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  Age on Sunday   12 Mar 2017  A home away from home

A home away from home

Published : Mar 12, 2017, 1:41 am IST
Updated : Mar 12, 2017, 6:39 am IST

A melting pot for distinct cultures and faith, Israel offers a view of the world like few other countries do.

Israelis love India and it was a pleasant surprise to be greeted so warmly abroad by people on the streets.
 Israelis love India and it was a pleasant surprise to be greeted so warmly abroad by people on the streets.

A flight delay in Delhi resulted in the inevitable — we missed our connecting flight in Istanbul. It wasn’t a good start to an international holiday, but hope is a good companion in times like these. A warm reception at the Ben Gurion International Airport by VIP security made a huge difference to my jet lagged body and mind. We were done with immigration in no time and were escorted to a black sedan outside the airport with a young lady cab driver, Rinnat, in waiting. “Namastey,” she greeted us as she drove down to the Don Panorama Hotel in Tel Aviv. No amount of fatigue could keep us away from getting up early the next morning for a long walk by the Mediterranean Sea, which was right across our hotel. The blue of the sea merged with the blue of the sky in the distant horizon as we walked by the side of the Mediterranean in sheer awe of its majesty and grace. Away from the sea, a tall green minaret of the old Jaffa city beckoned the faithful and the curious travellers. On our way to the old Jaffa City, The Bride of the Sea, late that evening we crossed the Palmach (the army of the Jewish State in the making) museum on the same stretch, Many stories of the Zionist movement are rooted in the Palmach.

The oldest seaport in the world, Jaffa city is a melting pot of the multi-ethnic communities of Muslims, Christians and Jews and reflects the Levantine and European multi-cultural ethos. Though it is linked to Tel Aviv by a common municipal government, the ancient port city is culturally distinct from the mega modern metropolis of TLV, where the party on the road and the discs come alive as the night takes on deeper and merrier shades of colour, music, food and dance with the Jewish Monkeys — the wacky Kleizmer-Rock/pop burlesque band at some places. Our itinerary was packed with back-to-back meetings. Time was scarce so we had to make do with whatever we could. The lunch breaks were time to warm up with our hosts and get an insight into their culture. Israelis love their lemonade and fresh orange juice as much as they love their hummus, tahini, falafel, breads and meats, cheese, fruits/dry fruits and desserts. “The table has to be full, always,” says our host Ron Gerstenfeld from the Israeli Ministry of Foreign Affairs. We dined at some of the best Kosher restaurants, which follow the Kashrus (the Jewish dietary injunction) and do not mix meat with dairy products.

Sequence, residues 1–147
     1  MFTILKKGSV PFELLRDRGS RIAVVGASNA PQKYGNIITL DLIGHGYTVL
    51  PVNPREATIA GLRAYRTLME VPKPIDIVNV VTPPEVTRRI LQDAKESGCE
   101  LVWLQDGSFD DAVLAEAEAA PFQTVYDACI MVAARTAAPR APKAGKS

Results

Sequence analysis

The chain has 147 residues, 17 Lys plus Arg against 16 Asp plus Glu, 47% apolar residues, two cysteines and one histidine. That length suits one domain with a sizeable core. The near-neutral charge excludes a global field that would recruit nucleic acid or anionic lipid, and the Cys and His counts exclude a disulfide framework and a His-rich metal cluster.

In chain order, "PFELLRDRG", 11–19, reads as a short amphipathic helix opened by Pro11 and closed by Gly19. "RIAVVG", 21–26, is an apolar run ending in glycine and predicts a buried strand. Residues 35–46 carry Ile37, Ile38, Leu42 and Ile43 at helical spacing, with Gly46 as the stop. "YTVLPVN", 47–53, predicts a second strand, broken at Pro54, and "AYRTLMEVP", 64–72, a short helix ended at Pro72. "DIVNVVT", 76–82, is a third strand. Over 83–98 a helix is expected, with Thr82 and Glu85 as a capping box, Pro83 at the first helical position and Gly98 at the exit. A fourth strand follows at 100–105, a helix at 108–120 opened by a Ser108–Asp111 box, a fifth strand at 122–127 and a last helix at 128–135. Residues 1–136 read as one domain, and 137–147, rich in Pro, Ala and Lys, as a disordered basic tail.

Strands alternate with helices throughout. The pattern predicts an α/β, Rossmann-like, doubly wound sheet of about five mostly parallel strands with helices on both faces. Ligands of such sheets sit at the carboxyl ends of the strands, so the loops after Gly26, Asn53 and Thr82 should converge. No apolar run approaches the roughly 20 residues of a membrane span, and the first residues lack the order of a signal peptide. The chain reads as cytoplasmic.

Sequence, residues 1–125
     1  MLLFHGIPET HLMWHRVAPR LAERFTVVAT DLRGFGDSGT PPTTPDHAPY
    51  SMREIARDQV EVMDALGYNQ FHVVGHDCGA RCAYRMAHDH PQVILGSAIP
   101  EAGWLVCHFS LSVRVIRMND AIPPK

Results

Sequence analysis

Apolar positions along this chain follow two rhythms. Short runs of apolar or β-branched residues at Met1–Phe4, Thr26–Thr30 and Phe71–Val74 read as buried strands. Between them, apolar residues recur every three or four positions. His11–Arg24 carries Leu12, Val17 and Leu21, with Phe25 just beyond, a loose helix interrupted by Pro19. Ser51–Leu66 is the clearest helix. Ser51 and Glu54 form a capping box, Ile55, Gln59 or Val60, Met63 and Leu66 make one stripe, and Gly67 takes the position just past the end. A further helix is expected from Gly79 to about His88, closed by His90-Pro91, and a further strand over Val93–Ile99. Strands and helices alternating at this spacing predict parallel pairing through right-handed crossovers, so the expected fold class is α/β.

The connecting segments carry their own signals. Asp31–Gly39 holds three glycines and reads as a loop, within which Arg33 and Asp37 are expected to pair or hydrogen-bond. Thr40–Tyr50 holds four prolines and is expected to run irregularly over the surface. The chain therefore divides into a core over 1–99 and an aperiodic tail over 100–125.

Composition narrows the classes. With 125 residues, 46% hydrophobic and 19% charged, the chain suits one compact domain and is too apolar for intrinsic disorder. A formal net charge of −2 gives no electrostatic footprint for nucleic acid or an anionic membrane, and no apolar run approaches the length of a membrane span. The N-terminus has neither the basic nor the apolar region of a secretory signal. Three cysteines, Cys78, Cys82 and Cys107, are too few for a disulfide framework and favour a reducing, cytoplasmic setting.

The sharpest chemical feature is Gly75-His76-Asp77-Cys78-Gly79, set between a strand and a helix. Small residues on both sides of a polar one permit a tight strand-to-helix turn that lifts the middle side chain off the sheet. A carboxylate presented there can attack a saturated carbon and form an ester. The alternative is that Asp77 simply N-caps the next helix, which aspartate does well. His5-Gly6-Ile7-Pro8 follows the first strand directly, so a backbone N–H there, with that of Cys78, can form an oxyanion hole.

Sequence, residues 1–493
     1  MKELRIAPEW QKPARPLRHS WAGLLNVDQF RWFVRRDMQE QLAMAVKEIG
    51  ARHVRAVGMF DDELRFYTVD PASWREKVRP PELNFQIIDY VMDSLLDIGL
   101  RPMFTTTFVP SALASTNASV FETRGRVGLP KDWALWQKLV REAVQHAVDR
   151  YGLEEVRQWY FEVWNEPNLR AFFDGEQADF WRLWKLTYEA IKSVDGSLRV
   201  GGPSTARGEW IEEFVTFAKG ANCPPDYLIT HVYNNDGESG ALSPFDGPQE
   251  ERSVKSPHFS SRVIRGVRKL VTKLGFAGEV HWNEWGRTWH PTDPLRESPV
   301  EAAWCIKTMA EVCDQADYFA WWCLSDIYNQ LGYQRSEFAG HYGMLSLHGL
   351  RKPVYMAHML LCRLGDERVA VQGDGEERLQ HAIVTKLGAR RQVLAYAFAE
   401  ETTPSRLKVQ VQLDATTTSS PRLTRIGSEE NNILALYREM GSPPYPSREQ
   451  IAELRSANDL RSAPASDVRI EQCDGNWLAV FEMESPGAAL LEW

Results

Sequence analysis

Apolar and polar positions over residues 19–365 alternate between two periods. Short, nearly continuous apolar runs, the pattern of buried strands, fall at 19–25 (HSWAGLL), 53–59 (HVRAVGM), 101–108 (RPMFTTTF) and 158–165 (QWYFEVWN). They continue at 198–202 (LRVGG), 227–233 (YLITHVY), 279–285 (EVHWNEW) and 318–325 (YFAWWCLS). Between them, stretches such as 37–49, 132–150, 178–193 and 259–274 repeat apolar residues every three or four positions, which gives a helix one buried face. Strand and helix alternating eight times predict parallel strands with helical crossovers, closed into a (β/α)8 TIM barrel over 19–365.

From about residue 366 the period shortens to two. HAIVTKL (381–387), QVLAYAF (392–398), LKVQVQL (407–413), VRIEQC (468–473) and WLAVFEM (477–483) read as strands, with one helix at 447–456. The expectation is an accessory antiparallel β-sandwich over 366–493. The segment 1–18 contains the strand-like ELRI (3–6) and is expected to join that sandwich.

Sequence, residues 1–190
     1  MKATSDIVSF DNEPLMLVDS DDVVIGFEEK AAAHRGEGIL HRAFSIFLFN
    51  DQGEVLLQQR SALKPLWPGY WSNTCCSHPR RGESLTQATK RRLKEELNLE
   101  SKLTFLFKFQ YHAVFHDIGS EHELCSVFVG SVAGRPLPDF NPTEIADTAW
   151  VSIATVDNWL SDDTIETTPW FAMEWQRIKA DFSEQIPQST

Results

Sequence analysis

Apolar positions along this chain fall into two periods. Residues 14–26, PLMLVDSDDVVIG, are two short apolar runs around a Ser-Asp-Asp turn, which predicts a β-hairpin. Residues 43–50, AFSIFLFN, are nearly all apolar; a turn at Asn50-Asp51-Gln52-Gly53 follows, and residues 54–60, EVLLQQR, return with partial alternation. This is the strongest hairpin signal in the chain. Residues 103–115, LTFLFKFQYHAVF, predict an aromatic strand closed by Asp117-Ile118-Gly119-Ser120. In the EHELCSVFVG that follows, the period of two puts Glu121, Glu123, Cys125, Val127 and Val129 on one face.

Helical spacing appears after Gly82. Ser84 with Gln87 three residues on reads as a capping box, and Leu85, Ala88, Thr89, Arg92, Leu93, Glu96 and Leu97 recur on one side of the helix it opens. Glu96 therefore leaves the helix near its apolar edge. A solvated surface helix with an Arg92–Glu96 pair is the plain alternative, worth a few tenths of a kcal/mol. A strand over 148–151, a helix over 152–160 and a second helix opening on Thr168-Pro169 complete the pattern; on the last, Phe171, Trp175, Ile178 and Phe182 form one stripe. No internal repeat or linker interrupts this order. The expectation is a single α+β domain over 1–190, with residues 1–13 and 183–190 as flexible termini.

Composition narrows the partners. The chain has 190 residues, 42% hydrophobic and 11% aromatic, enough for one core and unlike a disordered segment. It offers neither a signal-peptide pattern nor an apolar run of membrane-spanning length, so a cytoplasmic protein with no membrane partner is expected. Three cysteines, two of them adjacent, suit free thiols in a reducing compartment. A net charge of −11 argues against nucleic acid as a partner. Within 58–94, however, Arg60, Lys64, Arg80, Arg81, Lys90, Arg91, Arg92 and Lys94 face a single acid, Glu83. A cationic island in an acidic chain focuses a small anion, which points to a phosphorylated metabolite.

Israelis love India and it was a pleasant surprise to be greeted so warmly abroad by people on the streets. “Military training is a must for boys and girls at the age of 18. Two years for girls and three for boys. When they come home after the training, they want a break and head to India. They come back with stories of colour, love and warmth,” said Ambassador and deputy director general, Head of Economic Affairs Division, Israel, Yaffa Ben-Ari. We drove to Jerusalem for some more meetings and the much-awaited visit to the Old City of Jerusalem, where the three biggest monotheistic religions in the world converge to reclaim faith and land. We hurried down the cobbled roads to the Church of the Holy Sepulchre. In between, we stopped at an elderly Armenian man’s shop to buy some gifts. The Church stands on a quarry that is believed to encompass the Golgotha, or Calvary, where Jesus was crucified, and the tomb (sepulchre) where he was buried.


From the church we went to the Western Wall, where men and women pray and seek blessings in small hand-written notes, which they tuck inside the crevices of the wall. The other side of the wall is the Al-Aqsa Mosque, also known as Bayt al Muqaddas, which is the third holiest site in Sunni Islam. A few hours before we were to board the flight back home were reserved for Yad Vashem — the official Holocaust Museum. “Has the like of this happened in your days or in the days of your fathers? Tell your children about it, and let your children tell others, and their children the next generation,” are words etched outside the museum on a stone slab. Inside there are records, films and archives of the historic horror. A chance meeting with 21-year-old Mosher, who had just returned from India, was a warm way to say our byes. “India is chai, chillum and chappati for us. We love you. Come back,” he laughed.

(The writer was in Israel last month on invitation by the Ministry of Foreign Affairs, State of Israel)

Tags: travelling, israel, istanbul